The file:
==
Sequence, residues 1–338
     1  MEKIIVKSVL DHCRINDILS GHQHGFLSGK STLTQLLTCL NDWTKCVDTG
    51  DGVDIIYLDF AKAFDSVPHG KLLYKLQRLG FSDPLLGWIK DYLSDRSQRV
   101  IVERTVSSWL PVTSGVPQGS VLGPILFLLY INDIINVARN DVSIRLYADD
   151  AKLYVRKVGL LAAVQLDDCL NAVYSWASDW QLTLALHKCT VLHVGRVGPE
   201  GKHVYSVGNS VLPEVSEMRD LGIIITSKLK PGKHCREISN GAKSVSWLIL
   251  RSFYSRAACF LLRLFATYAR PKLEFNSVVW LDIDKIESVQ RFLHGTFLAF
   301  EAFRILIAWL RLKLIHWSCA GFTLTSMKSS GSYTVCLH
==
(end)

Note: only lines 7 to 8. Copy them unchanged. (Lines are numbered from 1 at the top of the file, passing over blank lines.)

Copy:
   251  RSFYSRAACF LLRLFATYAR PKLEFNSVVW LDIDKIESVQ RFLHGTFLAF
   301  EAFRILIAWL RLKLIHWSCA GFTLTSMKSS GSYTVCLH